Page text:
Integral extension implies surjective map on spectra

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This article gives the statement, and possibly proof, of a fact about how a property of a homomorphism of commutative unital rings, forces a property for the induced map on spectra
View other facts about induced maps on spectra


This result is sometimes termed lying over, and is a precursor to the going up theorem.


Suppose S is an integral extension of a ring R, in other words f:R \to S is an injective homomorphism of commutative unital rings with the property that every element of S is integral over the image of R. Then, the following are true.

The map:

f^*: Spec(S) \to Spec(R)

from the spectrum of S to that of R, that sends a prime ideal of S to its contraction in R, is surjective. In other words, every prime ideal of R occurs as the contraction of a prime ideal of S.

This result is sometimes termed the lying over theorem.

Note that injectivity of f is crucial for surjectivity of the map on spectra; this is analogous to the fact that surjective ring homomorphisms induce injective maps on spectra.

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The goal is to prove that starting with a prime ideal P of R, we can find a prime ideal Q of S such that f^{-1}(Q) = P.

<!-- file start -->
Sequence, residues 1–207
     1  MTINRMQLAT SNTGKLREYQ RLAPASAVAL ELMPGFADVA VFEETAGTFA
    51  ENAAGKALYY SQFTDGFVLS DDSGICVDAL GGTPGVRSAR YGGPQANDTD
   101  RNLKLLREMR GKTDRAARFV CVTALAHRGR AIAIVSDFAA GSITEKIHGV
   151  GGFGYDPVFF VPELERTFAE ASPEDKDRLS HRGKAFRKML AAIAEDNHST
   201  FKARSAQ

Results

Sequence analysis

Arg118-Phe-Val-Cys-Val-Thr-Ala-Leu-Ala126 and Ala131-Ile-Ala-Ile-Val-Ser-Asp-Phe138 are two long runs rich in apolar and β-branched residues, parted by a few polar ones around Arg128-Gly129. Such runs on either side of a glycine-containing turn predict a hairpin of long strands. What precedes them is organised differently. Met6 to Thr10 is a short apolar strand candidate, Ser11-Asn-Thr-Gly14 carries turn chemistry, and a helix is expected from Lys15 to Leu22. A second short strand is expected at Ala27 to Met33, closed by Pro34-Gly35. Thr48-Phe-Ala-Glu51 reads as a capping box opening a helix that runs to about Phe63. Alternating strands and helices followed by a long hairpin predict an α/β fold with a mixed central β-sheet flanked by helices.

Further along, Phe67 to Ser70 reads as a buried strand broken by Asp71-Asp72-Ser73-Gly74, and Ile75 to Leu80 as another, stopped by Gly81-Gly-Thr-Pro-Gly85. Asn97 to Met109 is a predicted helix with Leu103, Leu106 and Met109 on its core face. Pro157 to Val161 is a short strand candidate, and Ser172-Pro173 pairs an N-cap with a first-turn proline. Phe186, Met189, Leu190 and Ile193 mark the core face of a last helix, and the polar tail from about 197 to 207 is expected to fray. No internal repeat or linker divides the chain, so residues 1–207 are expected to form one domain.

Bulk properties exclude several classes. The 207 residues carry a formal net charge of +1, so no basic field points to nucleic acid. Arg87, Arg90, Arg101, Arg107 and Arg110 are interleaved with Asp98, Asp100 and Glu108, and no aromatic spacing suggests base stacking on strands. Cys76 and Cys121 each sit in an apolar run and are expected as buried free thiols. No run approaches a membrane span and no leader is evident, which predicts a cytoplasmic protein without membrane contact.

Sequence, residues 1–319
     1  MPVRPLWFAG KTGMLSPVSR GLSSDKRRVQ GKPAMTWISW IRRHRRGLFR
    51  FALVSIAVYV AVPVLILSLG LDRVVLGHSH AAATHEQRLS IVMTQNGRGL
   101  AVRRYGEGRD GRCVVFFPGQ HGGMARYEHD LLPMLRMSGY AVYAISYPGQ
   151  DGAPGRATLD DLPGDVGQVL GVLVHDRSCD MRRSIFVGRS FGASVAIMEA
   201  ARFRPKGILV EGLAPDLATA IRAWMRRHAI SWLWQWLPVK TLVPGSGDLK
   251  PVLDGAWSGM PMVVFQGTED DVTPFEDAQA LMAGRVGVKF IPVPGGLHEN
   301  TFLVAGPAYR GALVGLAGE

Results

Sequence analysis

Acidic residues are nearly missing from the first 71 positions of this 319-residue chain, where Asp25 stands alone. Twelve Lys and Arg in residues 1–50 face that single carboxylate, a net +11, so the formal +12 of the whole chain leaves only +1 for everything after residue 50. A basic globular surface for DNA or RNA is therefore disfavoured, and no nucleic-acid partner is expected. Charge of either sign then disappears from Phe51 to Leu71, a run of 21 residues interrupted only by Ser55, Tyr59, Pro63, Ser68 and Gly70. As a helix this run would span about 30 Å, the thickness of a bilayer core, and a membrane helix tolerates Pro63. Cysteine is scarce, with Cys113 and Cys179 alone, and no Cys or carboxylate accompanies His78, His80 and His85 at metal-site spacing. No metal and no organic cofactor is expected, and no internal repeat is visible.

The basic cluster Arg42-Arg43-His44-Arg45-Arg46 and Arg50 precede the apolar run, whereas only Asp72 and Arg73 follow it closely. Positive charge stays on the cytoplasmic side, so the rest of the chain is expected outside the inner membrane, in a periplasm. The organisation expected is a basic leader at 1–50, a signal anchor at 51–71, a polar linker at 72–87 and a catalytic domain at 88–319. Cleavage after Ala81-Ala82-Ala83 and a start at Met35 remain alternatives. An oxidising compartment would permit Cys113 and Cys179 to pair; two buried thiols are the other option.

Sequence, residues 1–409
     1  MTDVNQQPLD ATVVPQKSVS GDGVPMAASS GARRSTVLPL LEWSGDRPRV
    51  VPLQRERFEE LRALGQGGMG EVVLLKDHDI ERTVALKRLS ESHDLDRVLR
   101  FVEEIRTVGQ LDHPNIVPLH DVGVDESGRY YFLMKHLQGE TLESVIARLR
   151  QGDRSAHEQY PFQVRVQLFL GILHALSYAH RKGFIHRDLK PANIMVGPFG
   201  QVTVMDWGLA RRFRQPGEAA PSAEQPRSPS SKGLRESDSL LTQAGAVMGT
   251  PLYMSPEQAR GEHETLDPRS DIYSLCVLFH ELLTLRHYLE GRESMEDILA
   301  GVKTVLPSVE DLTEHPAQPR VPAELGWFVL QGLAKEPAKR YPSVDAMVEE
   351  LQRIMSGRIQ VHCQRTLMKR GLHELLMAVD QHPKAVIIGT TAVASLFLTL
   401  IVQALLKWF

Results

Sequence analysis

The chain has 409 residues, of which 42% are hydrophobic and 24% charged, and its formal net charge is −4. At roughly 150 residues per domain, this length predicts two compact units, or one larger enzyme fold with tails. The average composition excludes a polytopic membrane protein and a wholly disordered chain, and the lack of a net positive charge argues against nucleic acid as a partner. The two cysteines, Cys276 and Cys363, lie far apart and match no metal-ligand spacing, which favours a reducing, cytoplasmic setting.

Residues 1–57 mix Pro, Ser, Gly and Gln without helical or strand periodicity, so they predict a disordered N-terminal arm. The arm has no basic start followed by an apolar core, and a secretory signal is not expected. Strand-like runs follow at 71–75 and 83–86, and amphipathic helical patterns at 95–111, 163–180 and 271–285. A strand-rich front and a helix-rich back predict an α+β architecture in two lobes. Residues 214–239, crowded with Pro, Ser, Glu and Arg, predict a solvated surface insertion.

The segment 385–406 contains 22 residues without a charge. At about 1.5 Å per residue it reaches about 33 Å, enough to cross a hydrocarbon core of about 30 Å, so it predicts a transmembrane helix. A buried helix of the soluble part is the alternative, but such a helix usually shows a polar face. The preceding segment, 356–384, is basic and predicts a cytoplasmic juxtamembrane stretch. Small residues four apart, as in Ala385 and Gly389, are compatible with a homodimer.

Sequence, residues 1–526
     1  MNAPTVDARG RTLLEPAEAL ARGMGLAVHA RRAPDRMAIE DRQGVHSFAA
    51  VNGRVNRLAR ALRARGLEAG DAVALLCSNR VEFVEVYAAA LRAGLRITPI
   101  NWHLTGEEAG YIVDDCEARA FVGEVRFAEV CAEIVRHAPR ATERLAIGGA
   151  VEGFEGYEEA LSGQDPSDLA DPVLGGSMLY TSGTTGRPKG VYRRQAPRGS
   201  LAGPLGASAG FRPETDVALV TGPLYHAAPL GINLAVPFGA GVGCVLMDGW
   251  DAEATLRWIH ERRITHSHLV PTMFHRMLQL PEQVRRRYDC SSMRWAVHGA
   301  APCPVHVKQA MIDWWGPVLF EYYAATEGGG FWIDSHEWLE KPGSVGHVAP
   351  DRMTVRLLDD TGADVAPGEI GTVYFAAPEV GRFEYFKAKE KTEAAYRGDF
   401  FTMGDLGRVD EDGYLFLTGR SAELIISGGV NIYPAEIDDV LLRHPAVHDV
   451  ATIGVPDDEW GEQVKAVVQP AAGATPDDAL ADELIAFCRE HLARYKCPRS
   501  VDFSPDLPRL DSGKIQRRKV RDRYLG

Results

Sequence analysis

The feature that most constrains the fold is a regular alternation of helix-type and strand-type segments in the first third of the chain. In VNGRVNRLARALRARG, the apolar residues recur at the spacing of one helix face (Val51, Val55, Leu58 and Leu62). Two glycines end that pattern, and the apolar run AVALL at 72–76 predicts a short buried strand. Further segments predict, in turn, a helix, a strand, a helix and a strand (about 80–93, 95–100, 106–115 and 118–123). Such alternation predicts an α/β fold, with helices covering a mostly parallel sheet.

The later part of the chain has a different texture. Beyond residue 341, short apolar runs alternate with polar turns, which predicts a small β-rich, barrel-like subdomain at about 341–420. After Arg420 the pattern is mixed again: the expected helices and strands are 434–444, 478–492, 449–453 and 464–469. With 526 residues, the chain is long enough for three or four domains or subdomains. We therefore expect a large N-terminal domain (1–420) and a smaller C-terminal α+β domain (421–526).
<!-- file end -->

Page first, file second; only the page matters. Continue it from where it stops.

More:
We localize R at P, and localize S at the image of U = R \setminus P to get S'. Then R_P is a local ring with unique maximal ideal P' = PR_P, and f induces a map R_P \to S' = S[U^{-1}].

We thus have an inclusion f:R_P \to S'. Consider the image P'S'. This is an ideal of S'. If P'S' is a proper ideal, it is contained in some maximal ideal M, and the contraction of that maximal ideal to R_P is precisely P'. Contracting back along the localization, we find a prime ideal of S', whose contraction is exactly P. (we are using the fact that contracting a maximal ideal of S' yields a prime, though not necessarily maximal, ideal of S).

Thus, the main goal is to show that P'S' \ne S' (this is where we need to use integrality). The idea is to construct a R-subalgebra of S', called S'', that is finite over R_P, and use Nakayama's lemma to derive a contradiction. Here are the steps:

  • Since S is integral over R, S' is integral over R_P
  • If P'S' = S', then the element 1 \in S' can be written as a P'-linear combination of finitely many elements from S'
  • Let S'' be the R_P-subalgebra generated by these finitely many elements. Then S'' is finitely generated and integral over R_P, hence it is finitely generated as a module over R_P. For full proof, refer: finitely generated and integral implies finite
  • We thus have P'S'' = S'' (since 1 \in P'S''). Since P' is the Jacobson radical of R_P, Nakayama's lemma tells us that S'' = 0, yielding a contradiction.